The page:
USADA wants fighters to have the most up-to-date information when it comes to what they can and can’t put in their bodes.
The UFC’s anti-doping partner today notified fighters of changes to the World Anti-Doping Agency’s prohibited list, which serves as one of the foundations for anti-doping enforcement worldwide.
With the revised list published on Oct. 1, athletes have three months “to ensure that they are educated on and compliant” before the changes are official.
MMAjunkie obtained a copy of an email that details the changes to the 2018 list, including the removal of cannabidiol (CBD) as a prohibited substance and increase of volume of IV fluids allowed in an athlete’s system.
UFC veterans have found themselves in hot water as the result of the previous rules. Nate Diaz was issued a public warning for vaping CBD during a press conference following his rematch with Conor McGregor at UFC 202. UFC Hall of Famer B.J. Penn was suspended six months for using an IV out-of-competition.
While eliminating CBD as a banned substance, WADA has slightly relaxed its requirements for IV usage. Previously, it maintained a 50 mL cutoff for IV use that didn’t involve a hospital procedure. Athletes who did not receive a therapeutic-use exemption were subject to a disciplinary complaint. Now, the cutoff for IV “and/or injections of any substance” is 100 mL over a 12-hour period. Anything over that is prohibited at all times.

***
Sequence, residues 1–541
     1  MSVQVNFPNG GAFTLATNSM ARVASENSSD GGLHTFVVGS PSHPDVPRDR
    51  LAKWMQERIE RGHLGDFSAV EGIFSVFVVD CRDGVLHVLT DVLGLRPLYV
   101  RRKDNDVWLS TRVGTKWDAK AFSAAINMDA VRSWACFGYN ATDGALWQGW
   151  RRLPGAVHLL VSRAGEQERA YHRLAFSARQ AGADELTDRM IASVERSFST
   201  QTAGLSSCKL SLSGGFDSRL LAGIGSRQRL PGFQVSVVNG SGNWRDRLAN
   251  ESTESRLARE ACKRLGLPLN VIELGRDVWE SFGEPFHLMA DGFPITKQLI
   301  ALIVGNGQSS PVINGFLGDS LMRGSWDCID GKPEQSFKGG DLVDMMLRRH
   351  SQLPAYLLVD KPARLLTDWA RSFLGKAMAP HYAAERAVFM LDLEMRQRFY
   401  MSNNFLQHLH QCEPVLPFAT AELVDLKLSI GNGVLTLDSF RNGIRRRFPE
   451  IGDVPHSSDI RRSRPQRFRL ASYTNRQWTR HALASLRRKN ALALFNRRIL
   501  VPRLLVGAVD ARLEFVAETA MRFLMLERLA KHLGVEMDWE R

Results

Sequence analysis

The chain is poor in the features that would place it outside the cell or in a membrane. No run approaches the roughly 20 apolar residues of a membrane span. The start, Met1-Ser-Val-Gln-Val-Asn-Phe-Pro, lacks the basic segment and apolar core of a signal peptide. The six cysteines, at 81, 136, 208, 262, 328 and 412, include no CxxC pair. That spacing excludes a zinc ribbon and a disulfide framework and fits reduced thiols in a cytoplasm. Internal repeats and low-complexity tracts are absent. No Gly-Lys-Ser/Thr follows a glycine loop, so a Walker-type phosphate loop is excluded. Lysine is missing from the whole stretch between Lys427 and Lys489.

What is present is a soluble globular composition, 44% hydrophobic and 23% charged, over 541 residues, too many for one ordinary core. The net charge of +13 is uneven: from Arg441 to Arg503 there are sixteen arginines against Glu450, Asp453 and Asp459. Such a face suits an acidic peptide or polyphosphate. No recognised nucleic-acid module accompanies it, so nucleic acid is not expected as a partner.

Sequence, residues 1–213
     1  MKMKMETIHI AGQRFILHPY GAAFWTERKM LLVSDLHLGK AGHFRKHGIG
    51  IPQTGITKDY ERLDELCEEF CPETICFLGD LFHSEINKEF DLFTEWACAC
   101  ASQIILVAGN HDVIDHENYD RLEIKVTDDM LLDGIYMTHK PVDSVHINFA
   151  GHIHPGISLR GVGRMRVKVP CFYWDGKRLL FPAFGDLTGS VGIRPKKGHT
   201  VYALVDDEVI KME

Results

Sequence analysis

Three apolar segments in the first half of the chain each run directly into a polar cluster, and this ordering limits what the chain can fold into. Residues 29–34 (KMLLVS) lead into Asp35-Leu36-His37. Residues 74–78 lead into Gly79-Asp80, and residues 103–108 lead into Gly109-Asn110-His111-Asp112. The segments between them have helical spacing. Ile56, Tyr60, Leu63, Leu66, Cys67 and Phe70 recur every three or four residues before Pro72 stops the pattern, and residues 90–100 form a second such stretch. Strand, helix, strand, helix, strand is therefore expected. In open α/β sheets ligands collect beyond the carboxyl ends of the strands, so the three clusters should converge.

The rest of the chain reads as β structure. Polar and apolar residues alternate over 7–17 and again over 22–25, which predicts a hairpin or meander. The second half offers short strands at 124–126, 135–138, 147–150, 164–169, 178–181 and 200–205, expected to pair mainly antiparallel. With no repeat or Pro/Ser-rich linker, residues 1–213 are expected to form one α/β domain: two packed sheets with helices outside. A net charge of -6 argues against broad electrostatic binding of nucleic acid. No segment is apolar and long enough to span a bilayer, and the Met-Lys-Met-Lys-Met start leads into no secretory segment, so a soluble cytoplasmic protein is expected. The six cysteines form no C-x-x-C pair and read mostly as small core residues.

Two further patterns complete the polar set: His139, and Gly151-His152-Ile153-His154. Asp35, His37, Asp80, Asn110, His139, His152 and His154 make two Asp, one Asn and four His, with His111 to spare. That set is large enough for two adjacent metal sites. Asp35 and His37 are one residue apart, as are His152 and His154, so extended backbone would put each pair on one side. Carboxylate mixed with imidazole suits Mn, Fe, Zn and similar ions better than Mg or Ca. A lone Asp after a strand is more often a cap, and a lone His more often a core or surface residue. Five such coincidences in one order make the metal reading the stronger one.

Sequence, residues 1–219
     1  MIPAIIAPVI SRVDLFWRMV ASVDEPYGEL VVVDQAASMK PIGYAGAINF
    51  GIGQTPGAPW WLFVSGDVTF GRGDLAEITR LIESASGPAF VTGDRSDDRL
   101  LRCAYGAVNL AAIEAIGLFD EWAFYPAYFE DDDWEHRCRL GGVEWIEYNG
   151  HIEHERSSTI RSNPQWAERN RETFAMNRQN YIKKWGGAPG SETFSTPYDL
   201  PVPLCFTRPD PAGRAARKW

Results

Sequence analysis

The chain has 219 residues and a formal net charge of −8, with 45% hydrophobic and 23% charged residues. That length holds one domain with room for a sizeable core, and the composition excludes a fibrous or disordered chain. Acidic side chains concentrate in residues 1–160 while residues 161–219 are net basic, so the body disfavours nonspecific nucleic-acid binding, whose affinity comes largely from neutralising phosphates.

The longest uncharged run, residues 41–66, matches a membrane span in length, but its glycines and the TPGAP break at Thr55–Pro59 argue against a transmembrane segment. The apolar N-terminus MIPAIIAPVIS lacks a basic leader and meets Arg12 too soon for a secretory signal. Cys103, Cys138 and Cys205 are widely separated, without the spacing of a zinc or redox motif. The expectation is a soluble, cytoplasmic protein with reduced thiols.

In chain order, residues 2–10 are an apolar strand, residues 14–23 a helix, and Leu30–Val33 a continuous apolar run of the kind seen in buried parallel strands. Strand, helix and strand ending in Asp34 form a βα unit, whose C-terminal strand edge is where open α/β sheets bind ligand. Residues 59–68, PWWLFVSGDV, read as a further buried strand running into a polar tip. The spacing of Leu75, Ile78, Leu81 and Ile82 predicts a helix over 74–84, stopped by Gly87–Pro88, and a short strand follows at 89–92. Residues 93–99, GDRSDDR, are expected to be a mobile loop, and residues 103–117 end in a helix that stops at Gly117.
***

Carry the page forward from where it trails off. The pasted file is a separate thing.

Additionally, WADA clarified banned substances in certain categories and clarified its position on others, providing:
- A list of prohibited glucocorticoids, which help to relieve inflammation in the body.
- Revised limits on salbutamol, an asthma medication alleged to benefit endurance when used by athletes. Doses of salbutamol may not exceed 800 micrograms over any 12 hours with a 1,600 mcg limit of inhaled salbutamol over any 24-hour period.
- Alcohol removed from the list.
- Glycerol, formerly on the list as a S5 diuretic and masking agents, is now allowed.
- Eight new banned substances in various categories.
- Gene Doping clarification to include current and emerging gene manipulating technologies, such as CRISPR/Cas9 and Targeted Genome Editing, on the prohibited list.
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Original Source Credit: mmajunkie.com